Comments (30)
Thank you for reporting this comment. Undo
A friend gave me six crepe myrtles just at the end of summer. Planted them in the front and back of the house. They are still looking a bit scraggly but look forward to when they are in their full glory. My father who comes from the Philippines say that the tropical crepe myrtle is used as an antidiabetic.
1 Like    
Thank you for reporting this comment. Undo
Thank you for reporting this comment. Undo
Ford Chance

My grandmother had crepe myrtles along the edges of their circular gravel driveway when they still lived in a rural area and farmed. I have always loved them, and have now had some at our last 3 houses over a period of 35 years. When we bought this house, the landscaper had planted 2 of the common dark pink varieties. I bought 3 hybrid light purple ones for the islands next to the street. We now have about 15 to 20 that have proliferated from the original 5. And I have given my son several to transplant. All are beautiful. We have an island in the back that had native mountain laurel in it, and some of the crepes grew in among and on the outside of that. The laurel only blooms for a short period, but when the crepes and the laurel bloom together, it is truly a wonder of nature. The amazing thing is that many of the "volunteers" are a very, very pale pink. I don't know if the others got cross pollinated or if seeds from others outside our property got naturally planted on our property. I have never seen the color in a nursery on crepe myrtles. It looks like the color in roses and some other flowers that is called blushing bride. I have most of mine pruned, and think they look better that way. If you don't many will grow into very tall scraggly looking tree shrubs. Also, if you don't keep the interior limbs pruned out, there will be overgrowth, and also make them more susceptible to disease, and less blooms. The bottoms tend to have a lot of overgrowth also both off the trees and off the roots. And, it is not true that they will die at some point in time if you prune them. Also, in answering the question about roots damaging foundations and driveways, they will do that sometimes after they get large and need large roots for their continued growth, but they are not as bad as other decorative trees. I think some of them do not bloom prolifically every season. The pale pink ones we have have done that a couple of seasons, and also the standard dark pink ones,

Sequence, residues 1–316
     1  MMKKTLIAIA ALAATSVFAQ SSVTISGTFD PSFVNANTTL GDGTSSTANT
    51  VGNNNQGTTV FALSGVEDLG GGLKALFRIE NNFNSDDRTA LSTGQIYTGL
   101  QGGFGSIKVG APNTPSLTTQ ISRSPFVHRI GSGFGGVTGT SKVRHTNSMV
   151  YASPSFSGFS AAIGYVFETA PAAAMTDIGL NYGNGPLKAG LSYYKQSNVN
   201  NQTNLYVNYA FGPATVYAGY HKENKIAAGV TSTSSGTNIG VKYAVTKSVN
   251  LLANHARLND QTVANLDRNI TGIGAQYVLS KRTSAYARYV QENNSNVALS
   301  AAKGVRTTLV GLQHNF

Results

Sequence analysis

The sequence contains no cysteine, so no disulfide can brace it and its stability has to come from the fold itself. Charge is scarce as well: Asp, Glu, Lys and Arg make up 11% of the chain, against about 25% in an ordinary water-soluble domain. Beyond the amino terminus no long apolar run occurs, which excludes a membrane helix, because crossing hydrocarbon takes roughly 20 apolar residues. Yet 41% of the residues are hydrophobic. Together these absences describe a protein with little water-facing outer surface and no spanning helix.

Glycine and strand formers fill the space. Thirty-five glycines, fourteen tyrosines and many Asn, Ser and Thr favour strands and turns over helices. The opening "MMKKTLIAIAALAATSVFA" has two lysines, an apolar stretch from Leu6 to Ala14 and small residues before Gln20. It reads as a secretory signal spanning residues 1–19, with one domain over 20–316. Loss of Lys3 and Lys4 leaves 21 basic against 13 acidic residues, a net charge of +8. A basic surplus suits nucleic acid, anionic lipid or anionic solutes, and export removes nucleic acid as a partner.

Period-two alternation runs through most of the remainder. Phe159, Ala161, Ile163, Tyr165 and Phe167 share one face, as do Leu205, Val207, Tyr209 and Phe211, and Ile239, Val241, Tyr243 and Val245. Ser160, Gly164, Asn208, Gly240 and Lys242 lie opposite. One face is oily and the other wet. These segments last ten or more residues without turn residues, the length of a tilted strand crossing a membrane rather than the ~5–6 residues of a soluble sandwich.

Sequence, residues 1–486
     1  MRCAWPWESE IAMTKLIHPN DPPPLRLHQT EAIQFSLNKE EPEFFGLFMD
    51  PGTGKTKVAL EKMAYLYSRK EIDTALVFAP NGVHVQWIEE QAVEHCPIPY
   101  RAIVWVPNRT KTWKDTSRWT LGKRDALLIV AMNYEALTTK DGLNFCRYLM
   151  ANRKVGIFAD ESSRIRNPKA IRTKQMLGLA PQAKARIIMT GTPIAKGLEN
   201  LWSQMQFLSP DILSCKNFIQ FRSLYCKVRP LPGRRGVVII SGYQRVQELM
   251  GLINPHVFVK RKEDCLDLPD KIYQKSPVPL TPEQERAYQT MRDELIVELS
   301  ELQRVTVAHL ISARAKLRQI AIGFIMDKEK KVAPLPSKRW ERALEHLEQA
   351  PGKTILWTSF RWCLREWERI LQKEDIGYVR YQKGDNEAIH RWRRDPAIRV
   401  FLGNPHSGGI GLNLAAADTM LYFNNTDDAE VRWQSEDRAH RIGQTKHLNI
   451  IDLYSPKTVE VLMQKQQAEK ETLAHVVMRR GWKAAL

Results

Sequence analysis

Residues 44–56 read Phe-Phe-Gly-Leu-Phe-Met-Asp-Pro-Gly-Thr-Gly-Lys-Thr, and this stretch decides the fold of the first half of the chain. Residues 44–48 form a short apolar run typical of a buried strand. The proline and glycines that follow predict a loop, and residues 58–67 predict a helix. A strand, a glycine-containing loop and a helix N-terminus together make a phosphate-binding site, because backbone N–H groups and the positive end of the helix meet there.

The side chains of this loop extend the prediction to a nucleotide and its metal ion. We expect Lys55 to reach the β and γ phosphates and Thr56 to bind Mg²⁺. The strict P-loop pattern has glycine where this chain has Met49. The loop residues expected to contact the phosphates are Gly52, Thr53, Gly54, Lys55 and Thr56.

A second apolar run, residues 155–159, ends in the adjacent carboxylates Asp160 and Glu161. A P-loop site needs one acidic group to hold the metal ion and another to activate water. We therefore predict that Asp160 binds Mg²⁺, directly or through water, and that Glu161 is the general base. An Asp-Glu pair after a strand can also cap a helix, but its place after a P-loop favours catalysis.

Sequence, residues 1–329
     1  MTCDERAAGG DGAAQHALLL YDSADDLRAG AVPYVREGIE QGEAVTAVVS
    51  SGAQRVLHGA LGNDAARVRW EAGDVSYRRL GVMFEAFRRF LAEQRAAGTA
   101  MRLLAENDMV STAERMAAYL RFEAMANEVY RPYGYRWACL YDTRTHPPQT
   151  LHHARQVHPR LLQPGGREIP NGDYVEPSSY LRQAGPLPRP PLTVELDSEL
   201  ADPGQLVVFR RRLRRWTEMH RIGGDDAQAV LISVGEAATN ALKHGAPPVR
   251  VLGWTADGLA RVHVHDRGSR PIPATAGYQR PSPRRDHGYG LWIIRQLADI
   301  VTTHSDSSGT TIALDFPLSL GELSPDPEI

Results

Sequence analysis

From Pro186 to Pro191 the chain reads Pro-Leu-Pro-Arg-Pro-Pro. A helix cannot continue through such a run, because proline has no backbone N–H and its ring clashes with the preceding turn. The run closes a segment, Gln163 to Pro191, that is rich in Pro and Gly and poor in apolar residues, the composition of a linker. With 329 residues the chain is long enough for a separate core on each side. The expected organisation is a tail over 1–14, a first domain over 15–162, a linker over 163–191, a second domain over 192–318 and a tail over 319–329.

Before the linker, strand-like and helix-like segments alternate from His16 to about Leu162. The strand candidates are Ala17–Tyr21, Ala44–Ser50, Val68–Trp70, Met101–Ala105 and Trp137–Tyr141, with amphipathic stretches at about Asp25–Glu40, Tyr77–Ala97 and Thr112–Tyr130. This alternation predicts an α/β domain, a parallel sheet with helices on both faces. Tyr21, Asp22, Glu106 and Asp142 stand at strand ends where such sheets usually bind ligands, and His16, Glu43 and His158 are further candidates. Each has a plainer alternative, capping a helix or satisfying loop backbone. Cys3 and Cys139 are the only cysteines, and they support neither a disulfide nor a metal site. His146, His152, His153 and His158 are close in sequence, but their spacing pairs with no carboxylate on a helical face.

So, now, tell me how to keep Carolina Cherry or Cherry Laurel or whatever it is from overtaking everything.


Related Stories

California Gardening 5 Best-Behaved Trees to Grace a Patio
Big enough for shade but small enough for easy care, these amiable trees mind their manners in a modest outdoor space
Full Story
Purple Foliage Great Design Tree: Japanese Maple
Lacy form and fiery fall color make Japanese maple a welcome tree for garden or patio
Full Story
Landscape Design Pathway Plantings That Please the Senses
Add some color, life and intrigue beside your sidewalk with these 7 suggestions
Full Story
Southeast Native Plants Great Design Plant: Butterfly-Friendly Crossvine
Colorful climber gives gardens a boost year-round with bountiful blooms
Full Story
Landscape Design 9 Low-Growing Hedges That Make Good Neighbors
Define garden areas or borders without blocking the view, with these evergreen shrubs that take kindly to trimming
Full Story
Pink Flowers 7 Spectacular and Practical Spring-Flowering Trees
Put on a beauteous show in the garden with a landscape tree awash in flowers — just do your homework first
Full Story
Trees Great Design Plant: Common Fig
A full form and delicious fruits make this Middle Eastern tree a favorite in gardens around the world
Full Story
Fall Gardening 7 Great Trees for Summer Shade and Fall Color
These landscape-pro faves straddle the seasons beautifully. Could one enhance your own yard?
Full Story
Gardening and Landscaping Easy Ways to Manage Stormwater for Lower Bills and a Healthier Earth
Send cleaner runoff into local waterways and spend less on yard irrigation with these simple landscaping approaches
Full Story